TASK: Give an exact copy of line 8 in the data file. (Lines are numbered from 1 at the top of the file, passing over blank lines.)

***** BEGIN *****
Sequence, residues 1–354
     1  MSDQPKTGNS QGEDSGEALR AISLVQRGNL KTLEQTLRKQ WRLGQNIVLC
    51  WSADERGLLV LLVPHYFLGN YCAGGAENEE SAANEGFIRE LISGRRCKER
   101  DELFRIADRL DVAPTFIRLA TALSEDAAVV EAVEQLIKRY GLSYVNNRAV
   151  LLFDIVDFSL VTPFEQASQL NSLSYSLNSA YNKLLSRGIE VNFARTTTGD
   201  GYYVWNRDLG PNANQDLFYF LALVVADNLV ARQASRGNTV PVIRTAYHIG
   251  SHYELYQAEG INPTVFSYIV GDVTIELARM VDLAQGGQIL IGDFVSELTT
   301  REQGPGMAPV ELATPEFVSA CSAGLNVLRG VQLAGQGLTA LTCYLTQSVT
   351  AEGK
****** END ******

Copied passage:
   301  REQGPGMAPV ELATPEFVSA CSAGLNVLRG VQLAGQGLTA LTCYLTQSVT